By Arthur F Beaugeard
Brazillian President Jair Bolsonaro continues to deny the very real threat of the high infectious COVID-19 threat in Brazil, which has over 2,000 confirmed cases and dozens of deaths. Brazil is the 6th most populous nation on earth, with an inordinately large population of 210 million. With a sadly under-equipped healthcare system due to multiple budget cuts, health experts warn that the country could become an epicenter of the disease in Latin America. Brazil’s Health Minister Luis Henrique admitted that the health system would collapse at the end of April due to a lack of intensive care beds and other equipment.
Opposing the Health Minister’s opinion, Bolsonaro has said “If we cower, opt for the easy discourse, everyone stays home, it will be chaos. No one will produce anything, there will be unemployment, refrigerators will go empty, no one will be able to pay bills,” referring to the global economic collapse caused by the Coronavirus.
Career politician Jair Bolsonaro has accused the media of vastly overexaggerating the threat of the Coronavirus, and using Italy’s death toll to promote what he calls a hysterical “fantasy”. He supports religious leaders who refuse to suspend their services and has attended pro-government street demonstrations in recent weeks. He has openly criticized regional governments which have put their jurisdictions under lockdown, telling them to remove such restrictions.The public opinion is on the regional governments’ side, with their assessment of Bolsonaro substantially worsening during this epidemic. Sao Paulo Governor João Doria has threatened to sue the federal government if it continues to try and squash his efforts at protecting his constituents.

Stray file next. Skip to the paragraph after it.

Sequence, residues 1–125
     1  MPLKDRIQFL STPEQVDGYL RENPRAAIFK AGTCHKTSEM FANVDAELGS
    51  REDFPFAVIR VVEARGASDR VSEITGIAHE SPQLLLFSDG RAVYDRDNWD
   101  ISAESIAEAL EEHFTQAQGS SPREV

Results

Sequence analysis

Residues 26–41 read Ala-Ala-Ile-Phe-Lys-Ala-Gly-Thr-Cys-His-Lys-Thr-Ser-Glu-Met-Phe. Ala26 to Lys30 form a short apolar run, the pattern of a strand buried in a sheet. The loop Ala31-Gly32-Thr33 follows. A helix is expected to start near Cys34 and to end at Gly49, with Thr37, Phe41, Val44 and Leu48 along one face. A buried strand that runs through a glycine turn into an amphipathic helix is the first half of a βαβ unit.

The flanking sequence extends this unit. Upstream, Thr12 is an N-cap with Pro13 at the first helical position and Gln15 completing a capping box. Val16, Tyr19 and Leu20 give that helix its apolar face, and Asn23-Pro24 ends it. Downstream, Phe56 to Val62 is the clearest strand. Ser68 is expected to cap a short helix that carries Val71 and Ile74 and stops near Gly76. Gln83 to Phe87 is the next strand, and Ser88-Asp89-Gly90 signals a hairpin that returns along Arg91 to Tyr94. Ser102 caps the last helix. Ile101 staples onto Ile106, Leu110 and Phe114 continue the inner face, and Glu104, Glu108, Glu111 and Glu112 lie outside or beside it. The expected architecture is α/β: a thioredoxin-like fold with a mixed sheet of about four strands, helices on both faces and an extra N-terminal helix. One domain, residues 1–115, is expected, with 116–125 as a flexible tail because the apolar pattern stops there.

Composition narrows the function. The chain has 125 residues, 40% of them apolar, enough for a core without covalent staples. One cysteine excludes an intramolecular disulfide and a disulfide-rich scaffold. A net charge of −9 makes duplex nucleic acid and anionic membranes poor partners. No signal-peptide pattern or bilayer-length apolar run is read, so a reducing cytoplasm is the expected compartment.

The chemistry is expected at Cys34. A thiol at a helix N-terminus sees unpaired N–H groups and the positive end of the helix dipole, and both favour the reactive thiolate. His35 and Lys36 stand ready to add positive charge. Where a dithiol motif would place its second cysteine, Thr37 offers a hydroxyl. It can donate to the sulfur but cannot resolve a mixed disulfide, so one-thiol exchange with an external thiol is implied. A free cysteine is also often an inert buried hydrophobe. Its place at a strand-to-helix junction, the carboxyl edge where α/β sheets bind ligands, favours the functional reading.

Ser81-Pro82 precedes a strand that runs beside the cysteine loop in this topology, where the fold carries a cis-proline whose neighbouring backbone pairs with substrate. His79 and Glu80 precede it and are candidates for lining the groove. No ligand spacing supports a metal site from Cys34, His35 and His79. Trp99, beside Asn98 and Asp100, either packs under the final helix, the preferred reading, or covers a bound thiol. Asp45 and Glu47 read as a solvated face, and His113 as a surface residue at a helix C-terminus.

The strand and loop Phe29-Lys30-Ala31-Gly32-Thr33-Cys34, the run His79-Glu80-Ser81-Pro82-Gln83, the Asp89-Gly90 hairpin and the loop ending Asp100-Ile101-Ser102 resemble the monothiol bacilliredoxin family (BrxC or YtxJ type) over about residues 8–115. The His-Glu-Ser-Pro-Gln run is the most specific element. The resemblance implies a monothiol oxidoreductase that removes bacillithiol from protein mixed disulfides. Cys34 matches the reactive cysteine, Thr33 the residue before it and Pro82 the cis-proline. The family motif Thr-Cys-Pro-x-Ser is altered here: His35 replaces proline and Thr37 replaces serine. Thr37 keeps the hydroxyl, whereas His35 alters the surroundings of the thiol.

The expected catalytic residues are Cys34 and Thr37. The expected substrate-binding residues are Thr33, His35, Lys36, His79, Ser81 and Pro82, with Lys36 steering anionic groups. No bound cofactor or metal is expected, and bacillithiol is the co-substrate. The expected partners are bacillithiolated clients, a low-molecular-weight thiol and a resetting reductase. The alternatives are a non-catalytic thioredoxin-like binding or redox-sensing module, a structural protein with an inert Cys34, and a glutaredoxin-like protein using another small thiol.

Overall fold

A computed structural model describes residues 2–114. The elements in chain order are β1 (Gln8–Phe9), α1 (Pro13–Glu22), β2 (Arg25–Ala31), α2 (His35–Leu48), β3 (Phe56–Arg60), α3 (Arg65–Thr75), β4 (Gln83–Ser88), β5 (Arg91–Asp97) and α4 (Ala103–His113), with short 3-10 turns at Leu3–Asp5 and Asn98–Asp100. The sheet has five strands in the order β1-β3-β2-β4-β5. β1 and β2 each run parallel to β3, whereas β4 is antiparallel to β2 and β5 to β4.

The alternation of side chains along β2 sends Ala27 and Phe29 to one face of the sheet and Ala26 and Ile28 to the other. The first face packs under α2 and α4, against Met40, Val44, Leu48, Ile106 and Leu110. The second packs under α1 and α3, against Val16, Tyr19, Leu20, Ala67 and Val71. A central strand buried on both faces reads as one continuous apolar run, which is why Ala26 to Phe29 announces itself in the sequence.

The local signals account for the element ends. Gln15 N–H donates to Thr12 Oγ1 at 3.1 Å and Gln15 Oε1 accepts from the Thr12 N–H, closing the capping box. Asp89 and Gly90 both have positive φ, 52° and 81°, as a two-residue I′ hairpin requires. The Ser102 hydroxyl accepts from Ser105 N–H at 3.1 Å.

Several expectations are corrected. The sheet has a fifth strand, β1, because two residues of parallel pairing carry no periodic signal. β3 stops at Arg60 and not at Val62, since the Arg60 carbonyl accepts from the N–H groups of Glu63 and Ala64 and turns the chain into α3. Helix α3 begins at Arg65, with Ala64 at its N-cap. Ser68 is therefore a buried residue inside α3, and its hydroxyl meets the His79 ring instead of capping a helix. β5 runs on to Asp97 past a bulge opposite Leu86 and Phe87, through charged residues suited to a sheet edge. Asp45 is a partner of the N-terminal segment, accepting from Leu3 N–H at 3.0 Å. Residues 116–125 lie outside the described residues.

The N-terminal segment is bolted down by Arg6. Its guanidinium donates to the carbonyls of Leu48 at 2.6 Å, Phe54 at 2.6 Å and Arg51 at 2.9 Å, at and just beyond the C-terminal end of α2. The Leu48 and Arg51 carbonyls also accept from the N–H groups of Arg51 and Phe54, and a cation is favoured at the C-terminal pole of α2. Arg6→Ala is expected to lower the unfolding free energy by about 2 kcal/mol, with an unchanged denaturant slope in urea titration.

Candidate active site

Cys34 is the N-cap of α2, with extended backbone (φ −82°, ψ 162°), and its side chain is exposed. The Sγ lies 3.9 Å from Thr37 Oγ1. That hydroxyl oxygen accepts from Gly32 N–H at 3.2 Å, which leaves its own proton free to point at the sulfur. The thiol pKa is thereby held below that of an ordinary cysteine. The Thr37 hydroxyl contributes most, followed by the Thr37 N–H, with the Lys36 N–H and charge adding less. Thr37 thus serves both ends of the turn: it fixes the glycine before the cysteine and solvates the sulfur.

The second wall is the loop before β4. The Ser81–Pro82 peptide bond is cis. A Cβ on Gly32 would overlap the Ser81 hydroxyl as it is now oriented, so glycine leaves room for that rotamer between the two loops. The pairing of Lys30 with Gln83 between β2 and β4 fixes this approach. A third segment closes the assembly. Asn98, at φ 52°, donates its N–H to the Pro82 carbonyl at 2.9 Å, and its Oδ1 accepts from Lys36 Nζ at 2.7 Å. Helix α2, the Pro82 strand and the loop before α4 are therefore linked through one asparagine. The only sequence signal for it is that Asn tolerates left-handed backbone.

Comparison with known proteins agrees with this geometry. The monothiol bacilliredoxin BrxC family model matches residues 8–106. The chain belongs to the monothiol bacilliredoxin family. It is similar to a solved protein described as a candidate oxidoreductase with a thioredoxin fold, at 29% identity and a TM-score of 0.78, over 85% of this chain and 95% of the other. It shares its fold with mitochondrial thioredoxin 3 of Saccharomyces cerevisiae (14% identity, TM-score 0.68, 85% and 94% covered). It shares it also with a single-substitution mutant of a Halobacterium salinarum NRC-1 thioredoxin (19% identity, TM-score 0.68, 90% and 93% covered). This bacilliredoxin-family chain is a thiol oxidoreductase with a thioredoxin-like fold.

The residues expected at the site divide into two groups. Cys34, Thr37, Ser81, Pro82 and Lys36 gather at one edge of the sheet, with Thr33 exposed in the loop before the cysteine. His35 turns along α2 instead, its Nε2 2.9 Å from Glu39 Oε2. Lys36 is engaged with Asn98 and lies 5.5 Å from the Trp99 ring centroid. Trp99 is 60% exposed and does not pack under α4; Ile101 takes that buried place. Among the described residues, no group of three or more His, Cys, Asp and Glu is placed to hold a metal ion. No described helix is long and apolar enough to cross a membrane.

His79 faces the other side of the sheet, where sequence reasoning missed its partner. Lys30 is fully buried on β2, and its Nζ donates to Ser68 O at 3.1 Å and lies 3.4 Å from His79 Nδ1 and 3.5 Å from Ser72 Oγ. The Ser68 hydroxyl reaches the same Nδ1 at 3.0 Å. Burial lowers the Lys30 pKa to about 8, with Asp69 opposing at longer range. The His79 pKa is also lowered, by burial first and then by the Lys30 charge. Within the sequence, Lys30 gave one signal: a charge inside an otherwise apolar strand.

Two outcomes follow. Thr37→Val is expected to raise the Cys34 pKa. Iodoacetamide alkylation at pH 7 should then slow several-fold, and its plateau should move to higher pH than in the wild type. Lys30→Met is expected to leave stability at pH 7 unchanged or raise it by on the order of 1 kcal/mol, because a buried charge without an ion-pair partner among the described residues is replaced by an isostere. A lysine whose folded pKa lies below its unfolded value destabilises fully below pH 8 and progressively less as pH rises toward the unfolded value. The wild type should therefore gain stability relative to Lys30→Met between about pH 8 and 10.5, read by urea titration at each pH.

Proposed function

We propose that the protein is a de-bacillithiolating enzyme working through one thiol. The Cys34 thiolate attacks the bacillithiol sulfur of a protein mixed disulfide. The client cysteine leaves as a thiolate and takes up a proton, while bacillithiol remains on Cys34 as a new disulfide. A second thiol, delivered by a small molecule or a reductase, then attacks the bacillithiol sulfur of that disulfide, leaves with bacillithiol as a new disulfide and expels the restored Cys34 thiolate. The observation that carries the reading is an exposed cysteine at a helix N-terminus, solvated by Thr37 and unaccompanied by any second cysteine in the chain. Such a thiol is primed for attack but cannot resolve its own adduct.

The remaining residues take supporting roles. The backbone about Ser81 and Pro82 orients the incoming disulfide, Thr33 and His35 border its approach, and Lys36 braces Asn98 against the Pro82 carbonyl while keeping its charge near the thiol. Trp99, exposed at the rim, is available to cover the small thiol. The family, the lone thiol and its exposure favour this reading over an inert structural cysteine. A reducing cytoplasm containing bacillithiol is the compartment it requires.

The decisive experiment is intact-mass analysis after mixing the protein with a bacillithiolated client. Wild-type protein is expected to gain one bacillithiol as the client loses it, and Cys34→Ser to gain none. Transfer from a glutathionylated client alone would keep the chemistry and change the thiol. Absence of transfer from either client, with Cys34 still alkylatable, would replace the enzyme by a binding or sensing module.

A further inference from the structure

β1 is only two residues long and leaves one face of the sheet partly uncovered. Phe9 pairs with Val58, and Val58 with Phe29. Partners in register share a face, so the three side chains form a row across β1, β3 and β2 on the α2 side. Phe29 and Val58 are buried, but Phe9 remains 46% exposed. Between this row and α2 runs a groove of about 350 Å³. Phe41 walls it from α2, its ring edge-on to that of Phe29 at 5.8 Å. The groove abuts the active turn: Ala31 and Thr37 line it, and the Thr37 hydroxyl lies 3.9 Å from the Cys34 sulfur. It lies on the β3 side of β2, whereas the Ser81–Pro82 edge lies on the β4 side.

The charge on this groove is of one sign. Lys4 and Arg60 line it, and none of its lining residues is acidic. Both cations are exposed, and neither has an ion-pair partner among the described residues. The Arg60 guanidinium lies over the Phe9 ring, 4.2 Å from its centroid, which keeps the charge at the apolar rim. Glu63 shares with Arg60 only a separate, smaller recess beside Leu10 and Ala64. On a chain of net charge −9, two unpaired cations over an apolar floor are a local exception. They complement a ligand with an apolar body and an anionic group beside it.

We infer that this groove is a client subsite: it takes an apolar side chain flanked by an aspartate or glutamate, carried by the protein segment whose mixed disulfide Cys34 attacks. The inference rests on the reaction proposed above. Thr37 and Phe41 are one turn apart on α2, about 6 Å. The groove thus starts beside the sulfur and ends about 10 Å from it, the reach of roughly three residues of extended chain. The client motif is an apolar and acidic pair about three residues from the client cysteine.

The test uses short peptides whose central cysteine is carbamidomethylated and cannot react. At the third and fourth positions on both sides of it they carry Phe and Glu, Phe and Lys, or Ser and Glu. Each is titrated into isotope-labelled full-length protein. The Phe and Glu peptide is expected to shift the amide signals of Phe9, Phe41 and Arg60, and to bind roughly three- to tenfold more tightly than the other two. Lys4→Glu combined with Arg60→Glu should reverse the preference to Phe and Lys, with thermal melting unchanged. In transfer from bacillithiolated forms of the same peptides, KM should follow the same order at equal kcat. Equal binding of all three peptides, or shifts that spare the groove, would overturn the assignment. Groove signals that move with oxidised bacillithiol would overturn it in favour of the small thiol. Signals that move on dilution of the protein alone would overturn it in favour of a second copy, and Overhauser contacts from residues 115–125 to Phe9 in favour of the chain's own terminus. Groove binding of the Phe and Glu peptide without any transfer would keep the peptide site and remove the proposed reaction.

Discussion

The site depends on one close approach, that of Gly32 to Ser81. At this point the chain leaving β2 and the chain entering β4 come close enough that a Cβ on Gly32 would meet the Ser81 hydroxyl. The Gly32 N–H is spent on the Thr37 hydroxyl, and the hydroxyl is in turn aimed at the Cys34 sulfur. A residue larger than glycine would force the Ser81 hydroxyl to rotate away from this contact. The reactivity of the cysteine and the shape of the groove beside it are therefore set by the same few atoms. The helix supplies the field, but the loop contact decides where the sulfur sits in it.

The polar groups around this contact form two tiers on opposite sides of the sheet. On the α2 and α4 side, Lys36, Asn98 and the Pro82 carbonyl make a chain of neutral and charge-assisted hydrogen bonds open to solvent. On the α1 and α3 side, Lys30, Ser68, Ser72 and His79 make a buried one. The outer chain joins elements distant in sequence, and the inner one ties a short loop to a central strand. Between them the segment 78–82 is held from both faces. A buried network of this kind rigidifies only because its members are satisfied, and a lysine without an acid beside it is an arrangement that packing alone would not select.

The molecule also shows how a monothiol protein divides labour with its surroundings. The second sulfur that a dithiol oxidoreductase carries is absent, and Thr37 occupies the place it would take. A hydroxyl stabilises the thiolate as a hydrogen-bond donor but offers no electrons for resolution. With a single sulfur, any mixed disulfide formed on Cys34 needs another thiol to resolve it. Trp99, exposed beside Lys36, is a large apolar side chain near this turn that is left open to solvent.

João Doria, among other governors who are defying Bolsonaro’s orders, was once one of Bolsonaro’s staunchest supporters.
23 members of Bolsonaro’s staff have been infected with the virus, but Bolsonaro claims that he has tested negative despite refusing to make the results of his test public. He continues to shake the hands of his supporters at rallies.
Despite their attempts to organize themselves and mount a defense, Brazil’s poor will be hit hardest by this epidemic. The country is littered with slums, or favelas, that are extremely cramped and often experience a paucity of the running water needed to wash one’s hands. Furthermore, the people in these slums are so destitute and lacking in savings that they must keep going to work every day, which will spread the virus. Strong correlations can be drawn between the living conditions in the favelas of Brazil and the slums of Mumbai. If Mumbai’s poor are left without financial support during this crisis, thus continuing to mingle with others while they have not properly bathed, they will begin to get sick, too, just as the poor are